Okay, first off, that headline may be misleading. It is highly unlikely that a “Wiccan Ritual Killing” took place ANYWHERE, let alone sleepy Pensacola, Florida.
What DID happen, according to this article from NBC NEWS, is that the local Sheriff’s office spokesperson, one Andrew Hobbes, decided that a triple murder that took place on July 28th must be a “Wiccan Ritual Killing” because of “the injuries to the victims, the positions of the bodies and also the person of interest right now is also a practitioner.”
Now, that statement from Hobbes may make it sound like he knows what he is talking about. (It is also true that the original confusing statements may have come from Sheriff Morgan, as some news sources are conflating the two men and their words.) Except that I am fairly certain there is nothing in any book on Wicca that has ever been published on Planet Earth that describes body positions consistent with ritual murder. But then I am not an expert.
Oh, wait. YES I AM.
What’s worrying is that these three people were obviously the victims of a brutal crime and the killer or killers are still at large. The victims included an elderly woman named Voncile Smith, 77, and her two sons Richard, 49 and John, 47. Richard Smith was employed by the Department of Homeland Security. The weapon used is believed to have been a claw hammer, which caused the blunt force trauma that caused their deaths, but all three victims apparently also had their throats cut. Ms. Smith also had a gunshot wound to her head and neck area.
A hammer? Effective as a murder weapon, to be sure. But since when are hammers one of the ritual tools used in Wicca? Nothing is said about the weapon used to slit the victim’s throats, nor does the article draw any connection between this and the allegation that Wicca is somehow involved.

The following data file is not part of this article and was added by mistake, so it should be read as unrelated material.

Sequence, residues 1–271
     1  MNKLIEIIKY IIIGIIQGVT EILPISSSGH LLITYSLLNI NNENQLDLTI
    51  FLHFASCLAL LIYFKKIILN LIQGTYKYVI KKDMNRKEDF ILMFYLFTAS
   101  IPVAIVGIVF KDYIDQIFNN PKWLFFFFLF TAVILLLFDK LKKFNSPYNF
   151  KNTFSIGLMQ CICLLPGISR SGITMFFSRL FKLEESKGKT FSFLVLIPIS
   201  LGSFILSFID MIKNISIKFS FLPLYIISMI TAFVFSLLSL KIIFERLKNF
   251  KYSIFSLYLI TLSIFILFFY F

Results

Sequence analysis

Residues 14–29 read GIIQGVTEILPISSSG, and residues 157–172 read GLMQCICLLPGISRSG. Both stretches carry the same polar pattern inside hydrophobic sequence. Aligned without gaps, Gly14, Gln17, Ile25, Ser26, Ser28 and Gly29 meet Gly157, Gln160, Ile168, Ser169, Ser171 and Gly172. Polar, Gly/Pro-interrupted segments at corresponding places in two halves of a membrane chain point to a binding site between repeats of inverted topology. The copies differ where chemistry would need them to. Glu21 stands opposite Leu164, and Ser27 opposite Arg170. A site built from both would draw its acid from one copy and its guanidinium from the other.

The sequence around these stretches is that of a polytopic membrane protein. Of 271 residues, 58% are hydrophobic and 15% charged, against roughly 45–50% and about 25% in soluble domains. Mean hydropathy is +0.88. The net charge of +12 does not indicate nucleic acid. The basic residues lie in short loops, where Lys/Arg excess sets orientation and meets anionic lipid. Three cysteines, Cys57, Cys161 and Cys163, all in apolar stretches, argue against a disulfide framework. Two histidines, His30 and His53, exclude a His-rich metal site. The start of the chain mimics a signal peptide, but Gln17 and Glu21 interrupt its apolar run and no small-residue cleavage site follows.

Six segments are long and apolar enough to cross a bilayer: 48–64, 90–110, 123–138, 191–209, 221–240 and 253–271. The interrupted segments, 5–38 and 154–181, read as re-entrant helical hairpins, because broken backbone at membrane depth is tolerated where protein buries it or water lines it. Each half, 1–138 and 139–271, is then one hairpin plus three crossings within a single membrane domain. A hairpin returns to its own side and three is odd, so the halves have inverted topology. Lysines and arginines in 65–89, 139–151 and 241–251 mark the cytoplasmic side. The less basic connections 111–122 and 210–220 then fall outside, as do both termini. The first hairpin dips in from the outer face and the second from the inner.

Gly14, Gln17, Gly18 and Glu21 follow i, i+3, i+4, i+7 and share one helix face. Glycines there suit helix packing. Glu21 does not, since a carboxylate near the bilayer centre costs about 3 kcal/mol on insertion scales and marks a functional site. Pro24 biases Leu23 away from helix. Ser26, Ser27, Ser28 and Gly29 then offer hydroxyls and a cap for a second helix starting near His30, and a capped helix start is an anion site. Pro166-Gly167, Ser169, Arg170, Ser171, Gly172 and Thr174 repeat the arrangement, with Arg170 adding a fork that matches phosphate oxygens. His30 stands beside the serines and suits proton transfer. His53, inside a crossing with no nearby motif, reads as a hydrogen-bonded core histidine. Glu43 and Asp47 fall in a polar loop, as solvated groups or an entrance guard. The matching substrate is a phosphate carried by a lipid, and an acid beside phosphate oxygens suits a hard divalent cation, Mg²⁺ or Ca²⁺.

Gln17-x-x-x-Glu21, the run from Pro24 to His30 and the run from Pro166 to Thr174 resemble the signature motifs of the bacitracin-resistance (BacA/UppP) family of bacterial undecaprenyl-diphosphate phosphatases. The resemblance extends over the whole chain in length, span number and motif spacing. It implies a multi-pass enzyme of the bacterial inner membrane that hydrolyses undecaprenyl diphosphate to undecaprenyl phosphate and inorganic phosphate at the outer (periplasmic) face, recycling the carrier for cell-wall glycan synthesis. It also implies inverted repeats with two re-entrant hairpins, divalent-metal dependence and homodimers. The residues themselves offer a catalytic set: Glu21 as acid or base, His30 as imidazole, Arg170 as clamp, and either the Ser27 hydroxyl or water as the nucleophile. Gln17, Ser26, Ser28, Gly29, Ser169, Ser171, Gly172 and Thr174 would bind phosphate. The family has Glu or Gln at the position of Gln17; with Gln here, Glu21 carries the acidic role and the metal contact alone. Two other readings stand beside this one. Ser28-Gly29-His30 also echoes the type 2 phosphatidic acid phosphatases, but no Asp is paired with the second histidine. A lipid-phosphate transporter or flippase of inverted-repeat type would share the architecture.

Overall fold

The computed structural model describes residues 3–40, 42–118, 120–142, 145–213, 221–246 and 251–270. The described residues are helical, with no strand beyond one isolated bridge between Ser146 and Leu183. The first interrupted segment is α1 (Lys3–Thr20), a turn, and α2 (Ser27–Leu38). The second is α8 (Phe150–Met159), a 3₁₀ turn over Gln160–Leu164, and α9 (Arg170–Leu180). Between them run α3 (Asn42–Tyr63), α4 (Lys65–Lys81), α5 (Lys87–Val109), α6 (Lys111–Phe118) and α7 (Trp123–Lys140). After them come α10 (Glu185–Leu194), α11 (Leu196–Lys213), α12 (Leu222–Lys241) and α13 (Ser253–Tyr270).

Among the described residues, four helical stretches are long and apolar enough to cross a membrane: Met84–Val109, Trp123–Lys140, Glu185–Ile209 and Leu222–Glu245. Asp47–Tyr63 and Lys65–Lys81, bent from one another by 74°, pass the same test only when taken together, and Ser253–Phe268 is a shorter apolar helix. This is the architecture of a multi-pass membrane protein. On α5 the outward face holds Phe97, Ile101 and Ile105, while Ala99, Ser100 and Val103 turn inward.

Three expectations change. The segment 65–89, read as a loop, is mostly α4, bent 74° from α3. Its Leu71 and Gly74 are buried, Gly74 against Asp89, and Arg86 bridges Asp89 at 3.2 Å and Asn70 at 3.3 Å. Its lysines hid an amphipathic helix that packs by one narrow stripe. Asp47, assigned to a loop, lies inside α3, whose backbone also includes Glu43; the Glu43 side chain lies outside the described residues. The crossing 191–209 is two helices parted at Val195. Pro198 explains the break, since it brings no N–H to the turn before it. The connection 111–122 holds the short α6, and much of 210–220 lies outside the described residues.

A neighbor is quoted later in the article, giving the obligatory warning about SMALL CHILDREN and their possible exposure to the occult:“It’s frightening to think about. Especially when you have small children,” neighbor Ken Lester said, according to affiliate WECT. “To find out that it was this weird, satanic cult, witchcraft whatever, is just really unsettling.”
What we have here is a place that time has apparently forgot, where apparently the county sheriff has never heard of the West Memphis Three, one of the most highly-profiled criminal cases of the last hundred years.
And NBC News, and local affiliate WECT (A FOX news channel), which called the killing a “gruesome witchcraft ritual,” well, you both have some explaining to do for your shoddy journalism and poor editorial judgment.
Be sure to visit the websites in question, along with sites like Boing Boing, which uses the words “blue moon ritual killing” in its headline, but then offers this reasonable statement: “The sheriff says the suspect was a “Wiccan,” but even if you think Wiccans are eccentric weirdos, their well-documented traditions do not involve killing people.” Offer your views on irresponsible journalism and fear-mongering where you see it (like in this International Business Times article which displays a tacky photo of Wiccan ritual at the top, and carries the sensationalist headline: Blue moon Florida murders: Witches blamed for ritualistic Wiccan killing of three), and show your appreciation for those who, like Boing Boing, at least try to shed some light on things.
Boing Boing, bless ’em, also clarifies the wrong-headedness of blaming the Blue Moon for any of this: That’s a little confusing. The recent blue moon (a second full moon within one calendar month) was on Friday, July 31, not the Tuesday date the sheriff referenced. “The sheriff did not explain the discrepancy and his office did not return a telephone call seeking clarification,” AP reports.
More shades of the West Memphis Three, where three child murders that took place on May 5th were blamed on occult involvement because of that date’s proximity to Beltane.
More on this story as it develops.